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Re: six/eight values
On Thu, 6 Mar 1997 ross smith <email@example.com> writes:
>Many issues are getting merged and muddied in this discussion. Lexis,
>costs, competitive fairness, depth of debating, coach burnout, student
>recruitment and retention, etc.
>Perhaps some focus can be had by looking at two different questions:
>1) What makes for a good tournament?
>2) What makes for a good season?
Good questions! Instead of answering, though, I'll toss out two more
questions: (1) why do tournaments exist? (2) why do prelim rounds
exist? Some of the discussion seems to start from the presuppositions that tournaments exist to determine who is the one best team, and that
prelims exist solely to weed out the unworthy and to seed the remainder
for multiple-judge elim rounds.
If it is purely a "king of the hill" exercise, then tournaments can limit
invitations to 16 teams, go straight to a single elimination bracket, and
have the whole deal in just one day. MUCH less exhaustion and no side constraints. Heck, at one time that is how Texas high schools handled
their state tournament. A team could come to Austin from Midland or
Sweetwater, drop its first round, and then have to go home.
But (and others have already said this, I think, with greater clarity)
there is more to it than just that. Many teams travel to tournaments
that they know they won't win. Some probably go in full recognition
that they probably won't clear. And hopefully it is rare that teams
will lose a break round in 6 or 7 and then just go home, forfeiting
rounds 7 and 8 as moot debates since they cannot clear. Maybe they
enjoy debating. Maybe they enjoy each debate. Why say to many of the
students at a tournament, "sorry, but after all your research and
practice and travel and missed classes, you will only be debating six
times instead of eight. The teams and judges who will probably be in
the final round would like less strain?"
The discussion has been interesting (at times), but instead of testing
for a community-wide consensus why not try variety? Some ideas:
---UNI and South Carolina could try running 10 or 11 prelims, with one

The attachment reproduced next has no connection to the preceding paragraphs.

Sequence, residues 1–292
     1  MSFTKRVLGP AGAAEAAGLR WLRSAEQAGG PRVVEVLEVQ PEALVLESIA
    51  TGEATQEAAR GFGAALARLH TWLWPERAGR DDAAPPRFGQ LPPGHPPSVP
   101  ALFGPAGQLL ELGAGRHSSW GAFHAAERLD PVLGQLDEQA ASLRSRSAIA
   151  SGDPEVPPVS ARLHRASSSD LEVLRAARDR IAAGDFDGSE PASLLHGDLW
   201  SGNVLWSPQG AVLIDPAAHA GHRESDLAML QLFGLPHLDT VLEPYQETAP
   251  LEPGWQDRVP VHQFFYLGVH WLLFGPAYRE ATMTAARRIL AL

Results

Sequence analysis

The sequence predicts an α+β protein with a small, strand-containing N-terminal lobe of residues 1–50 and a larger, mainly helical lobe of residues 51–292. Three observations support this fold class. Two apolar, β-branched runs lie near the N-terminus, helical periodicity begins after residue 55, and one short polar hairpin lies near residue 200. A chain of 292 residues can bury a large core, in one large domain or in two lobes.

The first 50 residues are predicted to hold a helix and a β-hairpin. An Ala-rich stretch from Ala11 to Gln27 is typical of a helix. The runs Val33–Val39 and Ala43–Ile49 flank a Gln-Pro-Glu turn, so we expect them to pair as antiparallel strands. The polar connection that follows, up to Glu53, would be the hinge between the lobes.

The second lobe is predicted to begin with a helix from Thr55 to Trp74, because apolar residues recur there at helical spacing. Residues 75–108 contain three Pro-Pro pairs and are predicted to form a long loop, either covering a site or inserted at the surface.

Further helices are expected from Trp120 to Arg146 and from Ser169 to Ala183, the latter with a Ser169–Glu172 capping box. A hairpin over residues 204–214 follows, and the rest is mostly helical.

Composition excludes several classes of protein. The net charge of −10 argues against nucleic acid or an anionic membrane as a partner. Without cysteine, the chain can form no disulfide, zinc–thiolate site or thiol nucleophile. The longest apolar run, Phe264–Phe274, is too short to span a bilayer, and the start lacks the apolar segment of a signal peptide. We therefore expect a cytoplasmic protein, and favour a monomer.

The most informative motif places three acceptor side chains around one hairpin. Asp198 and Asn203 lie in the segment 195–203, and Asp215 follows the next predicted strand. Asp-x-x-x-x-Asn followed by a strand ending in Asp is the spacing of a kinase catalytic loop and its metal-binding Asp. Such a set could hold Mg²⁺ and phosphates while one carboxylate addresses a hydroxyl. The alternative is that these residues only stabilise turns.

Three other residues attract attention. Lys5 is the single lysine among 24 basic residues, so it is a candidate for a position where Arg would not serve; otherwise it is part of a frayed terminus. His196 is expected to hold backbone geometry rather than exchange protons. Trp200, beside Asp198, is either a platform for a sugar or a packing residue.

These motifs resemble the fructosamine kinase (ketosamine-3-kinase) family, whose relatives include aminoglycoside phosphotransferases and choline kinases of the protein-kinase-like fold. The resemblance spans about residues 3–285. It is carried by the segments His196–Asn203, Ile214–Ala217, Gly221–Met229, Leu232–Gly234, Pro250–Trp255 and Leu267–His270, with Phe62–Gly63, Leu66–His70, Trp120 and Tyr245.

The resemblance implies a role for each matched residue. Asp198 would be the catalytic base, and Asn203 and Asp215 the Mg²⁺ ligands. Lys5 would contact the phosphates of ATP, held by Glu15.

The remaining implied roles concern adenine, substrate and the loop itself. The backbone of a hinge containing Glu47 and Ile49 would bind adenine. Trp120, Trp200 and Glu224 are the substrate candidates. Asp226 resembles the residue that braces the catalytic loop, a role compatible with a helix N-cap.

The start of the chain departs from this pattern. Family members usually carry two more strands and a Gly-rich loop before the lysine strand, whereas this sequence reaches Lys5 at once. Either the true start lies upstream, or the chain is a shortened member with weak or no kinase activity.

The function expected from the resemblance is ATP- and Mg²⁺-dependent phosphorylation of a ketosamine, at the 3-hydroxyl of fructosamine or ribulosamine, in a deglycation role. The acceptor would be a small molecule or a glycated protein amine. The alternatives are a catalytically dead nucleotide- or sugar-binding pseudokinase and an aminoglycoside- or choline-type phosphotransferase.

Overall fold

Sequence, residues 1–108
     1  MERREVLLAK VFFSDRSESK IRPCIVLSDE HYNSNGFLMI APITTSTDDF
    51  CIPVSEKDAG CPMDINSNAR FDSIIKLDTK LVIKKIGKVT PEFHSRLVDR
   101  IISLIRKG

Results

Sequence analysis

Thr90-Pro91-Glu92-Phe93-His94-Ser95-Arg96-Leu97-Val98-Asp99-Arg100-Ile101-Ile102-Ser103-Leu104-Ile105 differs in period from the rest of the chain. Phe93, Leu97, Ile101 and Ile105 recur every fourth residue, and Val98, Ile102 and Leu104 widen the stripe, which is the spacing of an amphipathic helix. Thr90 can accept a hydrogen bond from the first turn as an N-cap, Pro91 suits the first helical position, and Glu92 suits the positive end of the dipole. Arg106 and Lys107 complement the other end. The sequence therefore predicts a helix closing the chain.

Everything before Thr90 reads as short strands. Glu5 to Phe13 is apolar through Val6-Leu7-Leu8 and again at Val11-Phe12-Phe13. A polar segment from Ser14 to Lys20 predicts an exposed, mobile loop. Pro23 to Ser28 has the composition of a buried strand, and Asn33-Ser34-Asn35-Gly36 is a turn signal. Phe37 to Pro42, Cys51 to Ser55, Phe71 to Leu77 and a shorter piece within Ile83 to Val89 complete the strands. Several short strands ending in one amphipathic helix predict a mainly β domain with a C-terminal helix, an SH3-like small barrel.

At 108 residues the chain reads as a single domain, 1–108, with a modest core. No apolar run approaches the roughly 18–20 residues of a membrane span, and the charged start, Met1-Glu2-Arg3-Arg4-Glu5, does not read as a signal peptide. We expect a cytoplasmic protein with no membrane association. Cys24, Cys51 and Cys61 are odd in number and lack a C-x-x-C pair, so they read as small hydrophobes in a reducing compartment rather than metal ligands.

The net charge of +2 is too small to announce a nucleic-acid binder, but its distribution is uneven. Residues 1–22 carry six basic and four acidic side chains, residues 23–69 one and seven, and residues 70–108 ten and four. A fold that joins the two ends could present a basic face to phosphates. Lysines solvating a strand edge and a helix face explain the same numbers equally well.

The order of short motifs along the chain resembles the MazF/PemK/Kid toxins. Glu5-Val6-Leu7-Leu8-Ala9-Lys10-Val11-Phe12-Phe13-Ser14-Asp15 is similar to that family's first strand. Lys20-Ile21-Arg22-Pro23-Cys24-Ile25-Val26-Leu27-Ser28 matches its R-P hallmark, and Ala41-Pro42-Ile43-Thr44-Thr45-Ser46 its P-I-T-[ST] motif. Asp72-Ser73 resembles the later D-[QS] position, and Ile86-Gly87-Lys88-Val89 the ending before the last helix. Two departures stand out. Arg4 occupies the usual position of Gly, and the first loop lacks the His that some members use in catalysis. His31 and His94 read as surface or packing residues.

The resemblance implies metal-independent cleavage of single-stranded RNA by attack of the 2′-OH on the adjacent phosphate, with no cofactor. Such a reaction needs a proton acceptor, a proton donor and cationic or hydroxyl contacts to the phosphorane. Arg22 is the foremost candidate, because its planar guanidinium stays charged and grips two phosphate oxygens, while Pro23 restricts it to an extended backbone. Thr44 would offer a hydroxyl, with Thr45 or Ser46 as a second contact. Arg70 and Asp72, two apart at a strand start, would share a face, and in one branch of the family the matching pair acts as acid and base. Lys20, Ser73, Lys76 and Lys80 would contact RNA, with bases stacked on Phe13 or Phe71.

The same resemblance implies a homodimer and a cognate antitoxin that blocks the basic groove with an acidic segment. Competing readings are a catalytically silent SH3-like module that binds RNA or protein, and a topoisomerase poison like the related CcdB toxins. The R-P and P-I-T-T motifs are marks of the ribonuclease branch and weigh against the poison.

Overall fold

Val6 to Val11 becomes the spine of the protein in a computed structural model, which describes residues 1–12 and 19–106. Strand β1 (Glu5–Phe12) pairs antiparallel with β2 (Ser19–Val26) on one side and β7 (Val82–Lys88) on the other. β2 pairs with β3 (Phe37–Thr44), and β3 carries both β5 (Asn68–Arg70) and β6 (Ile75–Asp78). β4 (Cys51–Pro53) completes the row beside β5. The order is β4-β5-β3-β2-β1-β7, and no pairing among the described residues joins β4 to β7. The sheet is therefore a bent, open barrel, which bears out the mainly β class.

final round between the top two teams. If there is an auditorium large
enough, the whole tournament could see the hypothetically best debate.
---Some second semester tournaments could run 6 prelims and 5 (or even 6)
elims. Maybe, if you build it, they will come.
---More use of "hidden elim rounds," with everyone debating during the
first one or two elim rounds. Or the Lewisville (oops, Louisville)
two-bracket approach. Maybe some school would try offering a straight
double-elimination format. Try it, and see how many teams attend.
---Changes in the sweepstakes/points rules, such that points are given for octofinal rounds only if there are at least 48 teams entered. Is the
"best" team really going to drop three or four prelims, and wind up #16 out of 32 teams? Or, in those instances where the 16th seed wins a 32
team tournament, is it more a factor of side locks in elims? Maybe better endurance?
---More regional, two day tournaments, drawing people who are within easy
driving distance. For that matter, Michigan, Michigan State, and Wayne State could each send two teams and have a highly competitive four debate
roundrobin on a Saturday afternoon. Same with, say, Emory, Georgia, and
West Georgia. Or the schools in any given district could try to arrange a tournament or roundrobin and agree to send their best teams there.
This all started as a discussion of time, strain, exhaustion, and
burnout, as I recall, and moved to "six versus eight rounds" as a way of
addressing those problems. Maybe those issues are better addressed by wasting less time and by having higher standards of the "rhetorical forms" [Rollins, 1997] used. But some of the very people who are in a position
to exert influence over practices, the opinion leaders in the community,
evidently feel powerless. Pre-round and post-round time comsumption has
evolved a magical power of its own; it has morphed into a powerful
genie. That is unfortunate.
Archive created by Jonathan Stanton (firstname.lastname@example.org)
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